Growing tax toll on resources sector a major concern for new investors

  • Posted 13 December, 2023
  • Media Releases

13 December 2023

Today’s Mid-Year Budget Update figures confirm the Queensland Government has again substantially underestimated the impact of last year’s royalty tax increase on the resources sector, the Queensland Resources Council (QRC) said today.

Estimates released by Treasurer Cameron Dick show total coal royalties this financial year are $3.8 billion higher than forecast in June this year and will climb to $9.2 billion by June 30 next year.

The figure includes an extra $2.8 billion collected from Queensland’s new royalty tax tiers, suddenly introduced last year by the Treasurer without industry consultation.

Last year, the State Government’s new royalty taxes cost the industry an extra $5.8 billion, more than six times the original forecast of $800 million.

QRC Chief Executive Ian Macfarlane said the industry’s final royalties’ bill for the 2023-24 financial year will be even higher than today’s forecast.

“Based on industry predictions, which have been more accurate than Treasury forecasts in the past, we believe total coal royalties collected by the State Government this financial year will climb to about $12.8 billion, more than double the original estimate of $5.3 billion,” he said.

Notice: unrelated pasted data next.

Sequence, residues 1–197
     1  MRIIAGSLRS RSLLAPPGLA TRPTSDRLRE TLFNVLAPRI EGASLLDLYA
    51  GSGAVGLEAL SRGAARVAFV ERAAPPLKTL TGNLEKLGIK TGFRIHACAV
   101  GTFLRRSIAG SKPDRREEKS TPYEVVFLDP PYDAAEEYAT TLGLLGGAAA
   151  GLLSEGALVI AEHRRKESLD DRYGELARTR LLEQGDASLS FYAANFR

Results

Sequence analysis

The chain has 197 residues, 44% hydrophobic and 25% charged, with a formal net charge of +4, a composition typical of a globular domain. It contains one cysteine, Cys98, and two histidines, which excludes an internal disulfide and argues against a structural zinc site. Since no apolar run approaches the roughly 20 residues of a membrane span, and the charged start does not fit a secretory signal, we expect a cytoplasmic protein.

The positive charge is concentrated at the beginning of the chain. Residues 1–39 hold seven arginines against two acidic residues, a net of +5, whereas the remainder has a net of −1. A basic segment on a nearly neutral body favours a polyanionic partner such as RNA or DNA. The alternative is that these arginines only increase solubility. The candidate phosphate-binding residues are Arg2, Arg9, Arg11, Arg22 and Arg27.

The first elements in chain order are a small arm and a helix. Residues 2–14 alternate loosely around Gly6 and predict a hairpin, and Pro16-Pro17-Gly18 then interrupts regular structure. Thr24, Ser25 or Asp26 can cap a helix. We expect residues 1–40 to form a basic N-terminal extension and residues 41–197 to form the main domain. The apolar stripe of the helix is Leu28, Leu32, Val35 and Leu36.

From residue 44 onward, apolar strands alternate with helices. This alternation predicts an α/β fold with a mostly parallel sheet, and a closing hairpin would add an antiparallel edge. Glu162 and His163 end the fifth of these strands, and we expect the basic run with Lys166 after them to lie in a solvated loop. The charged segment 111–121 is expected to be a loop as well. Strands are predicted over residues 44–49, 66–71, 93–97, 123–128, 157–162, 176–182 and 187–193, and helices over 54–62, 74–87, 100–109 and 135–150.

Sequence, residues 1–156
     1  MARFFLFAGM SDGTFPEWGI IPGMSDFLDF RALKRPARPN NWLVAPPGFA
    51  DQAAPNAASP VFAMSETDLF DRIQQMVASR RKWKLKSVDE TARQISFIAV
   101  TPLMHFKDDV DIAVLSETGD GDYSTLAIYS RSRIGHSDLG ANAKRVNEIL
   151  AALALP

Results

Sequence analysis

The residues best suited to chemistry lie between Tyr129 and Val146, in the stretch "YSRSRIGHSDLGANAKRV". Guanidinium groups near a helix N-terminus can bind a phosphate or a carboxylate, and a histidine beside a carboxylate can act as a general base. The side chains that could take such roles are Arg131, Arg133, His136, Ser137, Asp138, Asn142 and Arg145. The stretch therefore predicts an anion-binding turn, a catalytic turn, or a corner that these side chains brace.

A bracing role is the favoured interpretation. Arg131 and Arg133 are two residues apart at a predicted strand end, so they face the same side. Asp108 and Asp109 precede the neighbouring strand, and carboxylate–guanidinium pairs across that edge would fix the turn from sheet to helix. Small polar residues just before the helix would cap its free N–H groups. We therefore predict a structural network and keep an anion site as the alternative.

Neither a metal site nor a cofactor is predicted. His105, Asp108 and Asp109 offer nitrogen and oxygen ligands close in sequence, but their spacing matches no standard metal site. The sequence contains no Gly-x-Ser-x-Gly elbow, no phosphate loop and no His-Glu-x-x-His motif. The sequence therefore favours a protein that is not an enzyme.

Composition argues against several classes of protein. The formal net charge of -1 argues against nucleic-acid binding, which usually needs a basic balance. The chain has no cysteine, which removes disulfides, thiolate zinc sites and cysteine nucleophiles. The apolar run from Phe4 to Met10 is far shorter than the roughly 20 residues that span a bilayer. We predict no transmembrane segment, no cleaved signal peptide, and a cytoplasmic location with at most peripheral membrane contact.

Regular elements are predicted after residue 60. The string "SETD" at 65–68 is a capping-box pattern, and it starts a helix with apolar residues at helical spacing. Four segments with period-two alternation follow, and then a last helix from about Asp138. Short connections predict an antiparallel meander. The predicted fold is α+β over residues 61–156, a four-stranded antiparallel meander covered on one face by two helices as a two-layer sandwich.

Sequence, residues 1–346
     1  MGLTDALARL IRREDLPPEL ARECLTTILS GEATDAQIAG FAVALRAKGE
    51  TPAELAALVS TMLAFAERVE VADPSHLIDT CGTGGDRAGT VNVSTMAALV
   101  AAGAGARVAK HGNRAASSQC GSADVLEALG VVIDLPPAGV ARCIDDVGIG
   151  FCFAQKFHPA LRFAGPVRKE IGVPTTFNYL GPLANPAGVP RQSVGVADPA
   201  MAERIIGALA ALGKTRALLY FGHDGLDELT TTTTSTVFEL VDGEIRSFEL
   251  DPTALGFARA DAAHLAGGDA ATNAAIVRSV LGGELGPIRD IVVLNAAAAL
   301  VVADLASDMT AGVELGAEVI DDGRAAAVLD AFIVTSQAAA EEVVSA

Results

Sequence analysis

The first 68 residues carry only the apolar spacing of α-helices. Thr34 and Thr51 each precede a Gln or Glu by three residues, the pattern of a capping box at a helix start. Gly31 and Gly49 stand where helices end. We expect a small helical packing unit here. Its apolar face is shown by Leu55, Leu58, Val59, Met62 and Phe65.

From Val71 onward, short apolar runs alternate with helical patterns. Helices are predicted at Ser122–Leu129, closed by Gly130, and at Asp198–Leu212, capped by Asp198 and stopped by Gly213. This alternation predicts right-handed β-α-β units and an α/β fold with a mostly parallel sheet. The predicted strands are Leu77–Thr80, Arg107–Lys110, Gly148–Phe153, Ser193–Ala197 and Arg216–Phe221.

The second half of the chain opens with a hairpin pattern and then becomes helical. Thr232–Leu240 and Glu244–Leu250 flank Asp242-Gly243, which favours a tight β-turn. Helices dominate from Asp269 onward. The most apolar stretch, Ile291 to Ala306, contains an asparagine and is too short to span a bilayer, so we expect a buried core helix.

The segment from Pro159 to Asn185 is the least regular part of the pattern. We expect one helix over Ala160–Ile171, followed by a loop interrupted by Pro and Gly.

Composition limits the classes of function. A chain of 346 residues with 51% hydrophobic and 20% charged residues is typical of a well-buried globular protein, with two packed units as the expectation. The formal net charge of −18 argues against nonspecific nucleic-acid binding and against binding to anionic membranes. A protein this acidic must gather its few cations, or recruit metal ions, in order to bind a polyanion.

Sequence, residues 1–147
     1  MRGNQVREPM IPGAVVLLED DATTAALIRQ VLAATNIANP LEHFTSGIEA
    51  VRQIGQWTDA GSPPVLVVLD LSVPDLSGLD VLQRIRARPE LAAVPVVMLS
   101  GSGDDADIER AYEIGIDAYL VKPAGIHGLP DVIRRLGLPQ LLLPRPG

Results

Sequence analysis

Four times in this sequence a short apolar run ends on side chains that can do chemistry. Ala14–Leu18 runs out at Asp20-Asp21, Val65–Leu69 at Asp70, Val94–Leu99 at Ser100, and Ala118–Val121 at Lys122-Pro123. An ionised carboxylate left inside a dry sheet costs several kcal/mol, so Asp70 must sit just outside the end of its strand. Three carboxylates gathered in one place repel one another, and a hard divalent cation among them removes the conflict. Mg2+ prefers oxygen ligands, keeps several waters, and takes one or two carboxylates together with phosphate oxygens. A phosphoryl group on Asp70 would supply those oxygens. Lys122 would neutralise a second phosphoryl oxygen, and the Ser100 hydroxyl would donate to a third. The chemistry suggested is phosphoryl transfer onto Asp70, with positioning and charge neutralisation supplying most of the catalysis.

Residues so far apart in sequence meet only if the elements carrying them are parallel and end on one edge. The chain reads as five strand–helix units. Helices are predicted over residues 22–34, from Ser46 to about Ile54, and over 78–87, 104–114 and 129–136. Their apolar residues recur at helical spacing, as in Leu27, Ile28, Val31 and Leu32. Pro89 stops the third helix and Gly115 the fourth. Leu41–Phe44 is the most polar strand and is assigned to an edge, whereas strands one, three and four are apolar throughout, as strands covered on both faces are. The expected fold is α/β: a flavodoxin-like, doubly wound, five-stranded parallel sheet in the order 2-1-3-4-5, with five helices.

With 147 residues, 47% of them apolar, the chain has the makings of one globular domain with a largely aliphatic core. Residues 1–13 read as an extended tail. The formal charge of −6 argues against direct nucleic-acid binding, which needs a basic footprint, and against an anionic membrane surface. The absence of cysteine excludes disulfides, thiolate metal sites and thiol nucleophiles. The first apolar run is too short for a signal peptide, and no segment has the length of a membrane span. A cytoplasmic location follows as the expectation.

“This is why our industry is fighting so hard on this issue.

“The impact of over-taxing the resources sector is far greater than the government seems to realise. There’s no such thing as a money tree in Queensland’s back yard.

“Less resources investment means a weaker state economy and less jobs and business opportunities in the future, which will affect every Queenslander.

“That’s where we’re heading unless the State Government is prepared to sit down and reconsider its decision,” he said.

“We hope Queensland’s new Premier is open to having a discussion and understands the government can’t suddenly impose the world’s highest royalty taxes on an export industry like the resources sector and not expect it to have an impact on new investment.

“Our industry has to stay competitive or that new investment will go elsewhere, which we’re already seeing happen with companies like BHP and Glencore.”

Media Contact: Rachel Stewart – [email protected]

Matt Dunstan – [email protected]